1.) Was the agreement obtained through fraud, duress or mistake, or misrepresentation or nondisclosure of material fact?

2.) Was the agreement unconscionable when executed?

Under the Child Custody Act, proper cause or a change in circumstances means one or more appropriate grounds that have or could have a significant effect on the child’s life to the extent that a reevaluation of the child’s custodial situation should be undertaken.

To establish proper cause, necessary to revisit a child custody order, not just any fact relevant to the twelve statutory best interest factors will constitute sufficient cause; rather, the grounds presented must be legally sufficient (i.e. they must be of a magnitude to have a significant effect on the child’s well-being to the extent that revisiting the custody order would be proper). MCLA 722.23 (a-l), 722.27(1)(c).

The court in Killingbeck v. Killingbeck, 269 Mich. App. 132 (2005), stated that not just any change will suffice to establish a change in circumstances; the evidence must demonstrate something more than the normal life changes that occur during the life of a child, and there must be at least some evidence that the material changes have had or will almost certainly have an effect on the child.

Where a change of custody is sought, the initial inquiry is whether there is an established custodial environment.

An established custodial environment (ECE)  is an environment of “significant duration in which a parent provides care, discipline, love, guidance, and attention that is appropriate to the age and individual needs of the child. It is both a physical and a psychological environment that fosters a relationship between custodian and child and is marked by security, stability, and performance.” Berger v. Berger, 277 Mich. App 700 (2008).

Determining which party has the ECE is a question of fact. The court may find that an ECE exists with both parents.

Child support is based upon a formula that takes into consideration the incomes of both parties, the amount of overnights the payor has with the child, health care costs, child care costs, and tax exemptions.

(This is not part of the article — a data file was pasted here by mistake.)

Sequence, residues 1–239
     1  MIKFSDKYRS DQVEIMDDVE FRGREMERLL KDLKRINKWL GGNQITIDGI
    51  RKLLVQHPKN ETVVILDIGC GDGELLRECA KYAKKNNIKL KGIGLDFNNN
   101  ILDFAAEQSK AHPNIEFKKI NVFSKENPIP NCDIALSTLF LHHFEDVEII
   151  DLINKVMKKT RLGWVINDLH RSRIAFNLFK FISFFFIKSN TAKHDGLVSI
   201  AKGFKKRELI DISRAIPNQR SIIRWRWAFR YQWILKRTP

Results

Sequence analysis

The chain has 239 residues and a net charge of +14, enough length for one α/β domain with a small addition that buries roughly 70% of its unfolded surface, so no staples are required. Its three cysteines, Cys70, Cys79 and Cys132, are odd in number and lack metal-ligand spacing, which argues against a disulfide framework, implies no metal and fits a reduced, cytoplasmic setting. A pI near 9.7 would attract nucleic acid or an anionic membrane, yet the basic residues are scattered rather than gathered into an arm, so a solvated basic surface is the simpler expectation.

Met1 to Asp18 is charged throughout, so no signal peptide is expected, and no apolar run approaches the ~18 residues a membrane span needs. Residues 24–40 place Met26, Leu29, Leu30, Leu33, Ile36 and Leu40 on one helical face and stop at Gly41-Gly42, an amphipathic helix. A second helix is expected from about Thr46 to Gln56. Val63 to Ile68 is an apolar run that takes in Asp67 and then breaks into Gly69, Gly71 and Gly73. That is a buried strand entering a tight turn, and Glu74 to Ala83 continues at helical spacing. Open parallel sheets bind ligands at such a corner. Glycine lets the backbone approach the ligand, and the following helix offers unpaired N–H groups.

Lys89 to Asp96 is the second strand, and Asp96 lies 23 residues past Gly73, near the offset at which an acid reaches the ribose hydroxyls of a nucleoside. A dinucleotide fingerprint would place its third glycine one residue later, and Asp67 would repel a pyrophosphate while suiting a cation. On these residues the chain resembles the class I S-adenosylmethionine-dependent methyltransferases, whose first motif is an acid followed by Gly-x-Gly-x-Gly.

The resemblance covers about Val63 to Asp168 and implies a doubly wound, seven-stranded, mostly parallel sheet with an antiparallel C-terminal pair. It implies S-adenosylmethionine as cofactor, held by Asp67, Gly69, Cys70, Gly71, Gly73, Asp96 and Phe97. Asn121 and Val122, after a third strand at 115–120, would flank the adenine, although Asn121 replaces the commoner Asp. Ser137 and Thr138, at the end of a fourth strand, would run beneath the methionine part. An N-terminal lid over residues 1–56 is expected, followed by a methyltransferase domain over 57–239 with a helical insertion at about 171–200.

Child support is generally paid through the Friend of the Court, which will keep track of, and enforce, child support obligations.

For more information on child support, contact the attorneys at SMDA, P.C.

There are two types of custody that will be determined in a custody or divorce case.

Legal custody involves major decisions affecting the child, including, but not limited to schooling, healthcare, and religion.  Physical custody refers to the time spent with each parent.

Custody differs depending on the situation. It is typical for legal custody for be joint. Physical custody can be joint (roughly half of the time is spent with the mother and half of the time with the father) or sole (one parent has the majority of the time with the children). If one party has sole physical custody, then the other parent will generally have a set parenting time plan.

There are several case codes that you should be familiar with when filing a family law case. The court will require different standards of proof and different procedures, depending on which type of family case is filed.

DP – A DP case is a case to establish paternity. A paternity case can be filed by either party, who is looking to establish paternity, either to initiate child support or parenting time. A paternity case is not necessary if a father is on the birth certificate, or has signed an affidavit of parentage.

DC – A DC case is filed by unmarried parents, who are looking to establish custody and/or parenting time.